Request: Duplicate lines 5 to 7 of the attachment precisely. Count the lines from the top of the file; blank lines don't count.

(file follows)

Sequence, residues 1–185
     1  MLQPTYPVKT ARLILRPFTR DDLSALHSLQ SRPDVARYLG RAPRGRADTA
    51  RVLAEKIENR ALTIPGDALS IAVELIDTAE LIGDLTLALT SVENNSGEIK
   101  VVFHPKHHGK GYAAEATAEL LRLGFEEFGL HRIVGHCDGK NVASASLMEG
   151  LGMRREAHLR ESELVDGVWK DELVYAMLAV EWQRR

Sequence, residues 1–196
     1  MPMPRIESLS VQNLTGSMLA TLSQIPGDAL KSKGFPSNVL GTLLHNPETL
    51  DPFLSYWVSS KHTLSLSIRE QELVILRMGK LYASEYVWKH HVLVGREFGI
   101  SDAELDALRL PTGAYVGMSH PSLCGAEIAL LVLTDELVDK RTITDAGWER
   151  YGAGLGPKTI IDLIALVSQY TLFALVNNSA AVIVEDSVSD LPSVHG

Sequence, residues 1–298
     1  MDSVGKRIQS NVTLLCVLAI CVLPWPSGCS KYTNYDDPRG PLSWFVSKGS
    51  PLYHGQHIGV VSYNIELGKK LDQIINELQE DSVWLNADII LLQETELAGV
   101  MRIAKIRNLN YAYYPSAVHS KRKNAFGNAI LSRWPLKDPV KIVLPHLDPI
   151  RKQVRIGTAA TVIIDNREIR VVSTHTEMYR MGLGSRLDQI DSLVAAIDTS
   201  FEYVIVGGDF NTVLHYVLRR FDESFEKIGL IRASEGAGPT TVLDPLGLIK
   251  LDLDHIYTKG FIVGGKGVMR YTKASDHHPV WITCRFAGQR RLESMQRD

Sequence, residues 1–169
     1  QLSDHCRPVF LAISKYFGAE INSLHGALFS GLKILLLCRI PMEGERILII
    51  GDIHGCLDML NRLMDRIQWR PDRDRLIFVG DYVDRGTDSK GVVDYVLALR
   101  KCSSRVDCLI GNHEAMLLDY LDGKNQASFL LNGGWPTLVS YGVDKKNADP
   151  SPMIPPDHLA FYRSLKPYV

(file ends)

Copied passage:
   151  LGMRREAHLR ESELVDGVWK DELVYAMLAV EWQRR

Sequence, residues 1–196
     1  MPMPRIESLS VQNLTGSMLA TLSQIPGDAL KSKGFPSNVL GTLLHNPETL